Scotland's papers: Recession looms as banks rates hiked

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Gloomy news for the UK economy leads the majority of Friday's front pages after the Bank of England warned of a looming recession as it raised interest rates to 1.75% in a battle to stem soaring prices. The Times Scotland reports that the country is facing the "worst squeeze on living standards for more than 60 years".
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The Daily Telegraph says the recession has been brought on by rising energy prices and will cause a "record drop inincome". It quotes the Bank of England governor Andrew Bailey as saying families face a "very big" shock as interest rates were raised to the highest level since 2008.
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The Scottish Daily Mail focuses on the future of Mr Bailey himself as it describes him as a "banker who's running out of credit". The paper says the bank has faced a "ferocious backlash" with its governor forced to deny he had "been asleep at the wheel".
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The Scotsman says the Bank's move to raise interest rates is the biggest single hike in 27 years and the worst squeeze on living standards for more than 60 years.
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"The Big Squeeze" is the Metro's headline. The paper says that rising interest rates mean people with £200,000 mortgages could be facing an extra £50 on their monthly payments as well as rising costs of food and energy.
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The i uses the same headline alongside a striking graphic which shows the rising inflation rates. The paper says a leading economist has declared it the "worst day for the British economy in my lifetime".
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"Time to batten down the hatches," the Scottish Daily Express says as it warns that recession is on the way.
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More than 200,000 Scots homeowners face mortgage bills rising by hundreds of pounds a year, according to The Herald. Citizens Advice Scotland has warned that families will have to choose between freezing or starving this winter as inflation was projected to hit more than 13%.
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The Press and Journal says that NHS Grampian's chief executive has said the scale of soaring waiting times paints a "very stark picture" for the health service. The paper reports that Caroline Hiscox says Covid continues to mount pressure on services across the country.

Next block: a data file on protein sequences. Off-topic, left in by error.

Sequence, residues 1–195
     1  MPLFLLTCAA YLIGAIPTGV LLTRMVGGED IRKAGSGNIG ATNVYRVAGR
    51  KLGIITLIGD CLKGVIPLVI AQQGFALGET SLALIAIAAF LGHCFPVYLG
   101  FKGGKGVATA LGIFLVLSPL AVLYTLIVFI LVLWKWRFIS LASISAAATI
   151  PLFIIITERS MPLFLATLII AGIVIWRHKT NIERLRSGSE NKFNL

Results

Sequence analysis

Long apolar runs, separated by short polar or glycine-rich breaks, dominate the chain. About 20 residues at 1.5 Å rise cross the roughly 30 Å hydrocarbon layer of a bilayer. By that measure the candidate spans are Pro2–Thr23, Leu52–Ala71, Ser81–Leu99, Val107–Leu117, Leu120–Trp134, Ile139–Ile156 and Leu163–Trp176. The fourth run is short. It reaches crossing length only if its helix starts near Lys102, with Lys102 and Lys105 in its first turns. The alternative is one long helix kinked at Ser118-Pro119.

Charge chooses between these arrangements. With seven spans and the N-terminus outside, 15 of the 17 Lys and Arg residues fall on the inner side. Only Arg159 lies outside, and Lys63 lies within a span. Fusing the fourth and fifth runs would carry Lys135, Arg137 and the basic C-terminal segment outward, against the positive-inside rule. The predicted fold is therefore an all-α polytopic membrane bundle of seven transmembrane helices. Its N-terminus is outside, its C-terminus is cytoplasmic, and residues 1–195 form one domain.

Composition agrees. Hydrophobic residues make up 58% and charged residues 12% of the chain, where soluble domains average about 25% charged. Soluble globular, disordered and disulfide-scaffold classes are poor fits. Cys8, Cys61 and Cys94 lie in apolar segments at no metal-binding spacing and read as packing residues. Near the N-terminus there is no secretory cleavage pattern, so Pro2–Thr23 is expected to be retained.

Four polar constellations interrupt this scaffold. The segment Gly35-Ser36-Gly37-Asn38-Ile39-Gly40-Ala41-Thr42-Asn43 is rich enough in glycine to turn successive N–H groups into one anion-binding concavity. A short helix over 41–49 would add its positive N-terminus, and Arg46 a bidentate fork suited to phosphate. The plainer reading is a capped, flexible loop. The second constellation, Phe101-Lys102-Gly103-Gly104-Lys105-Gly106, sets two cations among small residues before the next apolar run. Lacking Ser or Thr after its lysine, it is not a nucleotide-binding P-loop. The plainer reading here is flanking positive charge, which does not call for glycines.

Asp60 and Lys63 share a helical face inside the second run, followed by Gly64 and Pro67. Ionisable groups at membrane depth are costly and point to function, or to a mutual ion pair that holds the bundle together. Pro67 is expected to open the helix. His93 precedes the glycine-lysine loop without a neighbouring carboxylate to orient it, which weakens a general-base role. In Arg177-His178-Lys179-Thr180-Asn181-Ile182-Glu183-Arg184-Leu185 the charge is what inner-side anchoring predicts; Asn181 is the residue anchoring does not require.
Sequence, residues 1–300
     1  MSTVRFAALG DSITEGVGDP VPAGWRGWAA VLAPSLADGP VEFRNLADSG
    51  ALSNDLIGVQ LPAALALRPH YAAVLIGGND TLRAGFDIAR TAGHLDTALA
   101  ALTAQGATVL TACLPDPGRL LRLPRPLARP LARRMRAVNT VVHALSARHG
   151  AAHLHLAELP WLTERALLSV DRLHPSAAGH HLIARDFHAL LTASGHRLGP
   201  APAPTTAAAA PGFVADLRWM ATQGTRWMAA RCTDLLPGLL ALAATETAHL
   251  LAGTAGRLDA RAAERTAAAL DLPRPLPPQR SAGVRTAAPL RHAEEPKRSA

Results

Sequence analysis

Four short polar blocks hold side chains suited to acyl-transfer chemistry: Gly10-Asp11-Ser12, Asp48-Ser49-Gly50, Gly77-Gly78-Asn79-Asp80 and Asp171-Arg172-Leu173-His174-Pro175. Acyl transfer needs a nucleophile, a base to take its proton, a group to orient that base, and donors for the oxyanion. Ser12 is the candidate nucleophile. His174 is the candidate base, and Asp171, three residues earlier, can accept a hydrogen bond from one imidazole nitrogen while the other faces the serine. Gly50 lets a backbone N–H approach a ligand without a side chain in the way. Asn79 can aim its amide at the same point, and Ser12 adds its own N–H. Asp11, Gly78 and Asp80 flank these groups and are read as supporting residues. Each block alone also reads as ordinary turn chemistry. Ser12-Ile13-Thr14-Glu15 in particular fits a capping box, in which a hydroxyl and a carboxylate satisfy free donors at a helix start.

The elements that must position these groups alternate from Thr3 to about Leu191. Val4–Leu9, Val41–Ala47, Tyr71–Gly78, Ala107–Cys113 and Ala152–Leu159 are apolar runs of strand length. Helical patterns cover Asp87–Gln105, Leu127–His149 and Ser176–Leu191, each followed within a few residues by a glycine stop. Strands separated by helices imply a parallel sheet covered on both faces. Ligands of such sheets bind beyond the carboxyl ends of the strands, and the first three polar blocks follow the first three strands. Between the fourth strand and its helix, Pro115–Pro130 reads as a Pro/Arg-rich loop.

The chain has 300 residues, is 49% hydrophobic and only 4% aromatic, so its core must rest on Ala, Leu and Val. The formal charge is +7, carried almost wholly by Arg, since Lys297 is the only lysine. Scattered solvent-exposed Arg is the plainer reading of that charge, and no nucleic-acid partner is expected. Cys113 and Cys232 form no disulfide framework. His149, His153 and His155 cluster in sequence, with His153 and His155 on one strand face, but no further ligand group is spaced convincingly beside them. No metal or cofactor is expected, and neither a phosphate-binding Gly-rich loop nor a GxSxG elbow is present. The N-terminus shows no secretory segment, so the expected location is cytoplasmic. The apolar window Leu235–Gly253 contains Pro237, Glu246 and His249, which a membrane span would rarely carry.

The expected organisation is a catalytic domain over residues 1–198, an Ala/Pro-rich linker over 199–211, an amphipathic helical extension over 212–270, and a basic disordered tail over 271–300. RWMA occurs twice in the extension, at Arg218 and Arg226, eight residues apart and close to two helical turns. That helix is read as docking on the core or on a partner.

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The Courier reports that a Perthshire man could have been overcharged electricity bills for the past 17 years. The paper says Roy Brown, 58, took daily readings of his meter at the end of March and was convinced something wasn't right. He contacted his supplier, OVO and was charged £150 for someone to take a look at the meter. After three tests were carried out in May, engineers concluded the meter was fast by 10.13%.
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The SNP and Scottish Greens have said Scotland "cannot afford" to stay in the Union any longer following an announcement the UK is bound for recession, reports The National.
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Hundreds of waste, recycling and street cleaning workers in Edinburgh are to go on strike during the Edinburgh festival amid claims they have been treated with "contempt", says the Edinburgh Evening News. Around 300 members of the Unite and GMB unions will walk out between August 18 and 30.
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The Scottish Sun reports that SNP chiefs have been accused of dropping their guard after introducing the "silver bullet" policy of minimum pricing, as alcohol deaths rose to a 13-year high. New National Records of Scotland statistics show figures had fallen back in 2019, the first year after minimum pricing was introduced, but then spiked by 17% in 2020 to 1,190 amid the Covid pandemic.
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Thousands of drivers were caught speeding whilst temporary restrictions were put in place on Glasgow's M8, according to Glasgow Times. Several average speed cameras were erected and then activated on March 30, with a 40mph speed limit put in place. Data obtained by the Glasgow Times through a Freedom of Information request has revealed that a total of 7,003 motorists were caught speeding.
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The Evening Express reports on an Aberdeen mum's "worst nightmare" after her three-year-old son walked out of nursery and along a busy road, nearly getting hit by a bus.
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Two teenage boys who attacked a man in a queue for a McDonalds have avoided jail after a court heard they had "turned their lives around", says the Evening Telegraph.
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The Daily Star of Scotland has a typically light-hearted take on the gloomy stories leading the news. It says the bad news is the country is going into recession, inflation is heading for over 15%, mortgages will rise, the lights are going off, water is running out and now we face war with China. But the good news is English Premier League football is back. "Always look on the bright side of life," it adds.

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